And as I pointed out, I have a 75" Samsung TV with HDR. It has a great picture. Even some videos from DVDs look like HD. And actual HD looks fabulous. We were watching "No Time to Die" on Vudu last week, so I had a chance to switch back and forth between HDX and UHD to see how they compared. I asked my wife which she thought was better, and we both thought the HDX picture was noticeably better. It was a brighter, more vibrant image. That's why I haven't bothered to upgrade my DirecTV equipment to 4k and I don't pay extra to get 4k from Netflix.
 

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I think as the technology improves, streaming feeds will have less of a delay than the DirecTV feed or OTA feed. Just like PQ from streaming has improved over the years.
There will always be a delay compared to other feeds, but it will become less pronounced over time.
That is already happening. As I have pointed out previously, the MLB.TV feed is only a couple of seconds behind the DirecTV feed. What I don't understand is why their audio feeds are so much farther behind. When I'm stuck watching a Fox or ESPN MLB telecast, I've tried muting the sound and listening to the audio feed, but the audio is usually a couple of minutes behind. It's too much trouble to get them in sync.
 

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They will be priced at a price that a company will make a profit that's at or more than they can make by selling only an ad-supported tier. If the company can make more money by selling you ads than they can by selling you an ad-free tier that's what they will do. They will figure in churn in that equation anticipating losing a certain number of people like you who would refuse to watch anything with ads. If they feel that selling ad-free tiers are still offer them enough profit to maintain, then they will continue to do that, and with that, at what price point will that be, and if it's more than most will be willing to pay, then it would will be gone.

But again, I'll ask you, how much would you be willing to pay? Still never got that answer.
If what you are saying made sense, the streaming companies would be doing it now. And as I already stated, I can afford whatever streaming services I choose to buy. If you can't, then the cheaper tiers are for you.
 

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HDX to me is a Home Depot house brand so I had to look it up.

HDX in the context of Vudu is an in-house "secret sauce" compression scheme for HD probably not unlike DIRECTV's secret sauce (bumping contrast/gamma and saturation?).

The fact that it is only utilized by Vudu on their HD content makes it an apples and anvils comparison and doesn't reflect on the relative goodness of proper HDR/WCG. Further, since you're using a TV that doesn't support Dolby Vision, you're not afforded the full glory of dynamic HDR/WCG that Vudu offers in many of its UHD movies and instead are relegated to old school HDR10.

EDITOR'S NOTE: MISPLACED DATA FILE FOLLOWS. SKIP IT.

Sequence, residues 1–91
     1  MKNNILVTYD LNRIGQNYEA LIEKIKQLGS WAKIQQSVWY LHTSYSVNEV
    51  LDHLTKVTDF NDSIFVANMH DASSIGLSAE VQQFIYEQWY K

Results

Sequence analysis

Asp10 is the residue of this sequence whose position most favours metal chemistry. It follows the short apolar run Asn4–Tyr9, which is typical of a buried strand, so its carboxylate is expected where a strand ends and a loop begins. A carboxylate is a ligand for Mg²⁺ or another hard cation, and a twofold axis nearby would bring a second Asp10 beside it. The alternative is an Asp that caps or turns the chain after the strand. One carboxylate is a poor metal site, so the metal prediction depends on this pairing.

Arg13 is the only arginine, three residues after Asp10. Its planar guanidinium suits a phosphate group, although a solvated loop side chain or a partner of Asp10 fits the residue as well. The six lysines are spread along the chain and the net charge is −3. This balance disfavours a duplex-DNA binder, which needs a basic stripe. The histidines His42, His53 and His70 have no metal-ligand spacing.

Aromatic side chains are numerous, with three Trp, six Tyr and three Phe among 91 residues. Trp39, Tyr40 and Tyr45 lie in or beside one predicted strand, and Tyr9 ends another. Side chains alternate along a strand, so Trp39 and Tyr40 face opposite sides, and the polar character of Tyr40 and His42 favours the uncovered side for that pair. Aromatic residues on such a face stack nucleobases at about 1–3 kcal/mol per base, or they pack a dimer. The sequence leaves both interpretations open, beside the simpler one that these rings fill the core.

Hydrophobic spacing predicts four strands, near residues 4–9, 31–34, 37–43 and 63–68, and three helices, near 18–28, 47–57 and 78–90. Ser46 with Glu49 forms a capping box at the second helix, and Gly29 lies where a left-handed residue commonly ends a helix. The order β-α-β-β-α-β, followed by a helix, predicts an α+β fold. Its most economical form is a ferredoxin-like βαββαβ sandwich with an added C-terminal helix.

I can only go by how it looks to me. The fact that the HDX video looked significantly better than the UHD video indicates HDX is a pretty good format.
 

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I installed tvOS 15.6 on my ATV and can confirm that that the above does work on MLB games.
Are you able to able to do what a number of us have described in this thread for watching NFL games - i.e., watch 2 or 3 games in the same the same time slot, switching back and forth and skipping commercials and other breaks in the action to catch up?
 

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Well the only place I can check this right now is MLB-TV and yes if I start three games and switch between them my options for each one are “Watch Live”, Resume”, and “Start From The Beginning”. If I pick “Resume” it goes to where I left off and I can FF/RW from that point.

Edit: it did let me FF through commercials.
Well that's encouraging. Once the games are complete and archived, do they still resume where you left off?
 

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More silly hypotheticals. If it happens, I'll address it.

Now for my question, since you're so insistent that ad-free is going to disappear...how much advertising would you tolerate?

The current network standard is about 17 minutes per hour. Would you tolerate 20? 30? 40? Would you be okay with what is now a one hour show being stretched to three hours as you're pummeled with commercials?

Do you see how stupid this sounds after spewing some silly "$100 a month ad free tier."
Silly is right - the notion that streaming services will charge so much for ad-free programming that nobody would pay it is simply laughable. Pricing is based on what the market will bear, which is why ad-free tiers are priced a few dollars higher than the ad-free tiers. There has been a market for ad-free programming since HBO launched 50 years ago, and there always will be. It exists because there are millions of people who are willing to pay for it, and that isn't going to change.
 

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It’s also laughable that streaming services would sell an ad-free package for less than the ad-supported service + the ad revenue they would get for ads in shows the viewers watched. Basically, they aren’t going to lose money on the ad free service compared with the ad-supported service.

If their up charge for an ad-free service is $3, figure they would have gotten less than that if they had ads in the shows.

Otherwise, why offer an ad-free version if it’s going to cost you money?


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You are assuming that they wouldn't lose customers who want ad-free programming, which is not a valid assumption. Sorry, but your analysis doesn't hold water.
 

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People actually cared about ads between innings? It’s a natural break in the game, and now the time between innings is limited. What else do you show during that time? A wide stadium shot?
If there weren't ads between innings, the announcers would spend the time jabbering with each other and doing interviews, which is just as annoying as ads.